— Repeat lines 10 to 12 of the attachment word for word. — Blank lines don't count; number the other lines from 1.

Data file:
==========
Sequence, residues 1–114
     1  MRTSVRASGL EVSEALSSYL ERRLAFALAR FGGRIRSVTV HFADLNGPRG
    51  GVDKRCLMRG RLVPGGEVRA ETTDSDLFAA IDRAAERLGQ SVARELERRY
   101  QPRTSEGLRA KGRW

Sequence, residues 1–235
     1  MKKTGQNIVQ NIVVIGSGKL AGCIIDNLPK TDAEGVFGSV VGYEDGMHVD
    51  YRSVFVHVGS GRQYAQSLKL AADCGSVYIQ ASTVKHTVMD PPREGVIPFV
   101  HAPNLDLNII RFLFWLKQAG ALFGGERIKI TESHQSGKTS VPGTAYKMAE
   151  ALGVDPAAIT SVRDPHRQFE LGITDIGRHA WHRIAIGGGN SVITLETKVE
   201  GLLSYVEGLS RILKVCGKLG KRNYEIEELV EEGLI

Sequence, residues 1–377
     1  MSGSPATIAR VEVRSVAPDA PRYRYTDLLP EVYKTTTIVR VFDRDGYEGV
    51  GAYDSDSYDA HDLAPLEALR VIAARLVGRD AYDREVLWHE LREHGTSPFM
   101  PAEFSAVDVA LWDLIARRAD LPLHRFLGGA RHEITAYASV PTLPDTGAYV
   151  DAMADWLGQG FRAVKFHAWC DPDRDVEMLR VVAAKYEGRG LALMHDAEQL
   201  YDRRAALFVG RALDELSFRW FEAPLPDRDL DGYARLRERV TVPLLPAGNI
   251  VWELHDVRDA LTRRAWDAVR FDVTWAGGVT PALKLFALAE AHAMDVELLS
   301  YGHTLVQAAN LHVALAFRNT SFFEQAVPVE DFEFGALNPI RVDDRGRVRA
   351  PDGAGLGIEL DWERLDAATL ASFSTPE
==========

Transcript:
   201  GLLSYVEGLS RILKVCGKLG KRNYEIEELV EEGLI

Sequence, residues 1–377
     1  MSGSPATIAR VEVRSVAPDA PRYRYTDLLP EVYKTTTIVR VFDRDGYEGV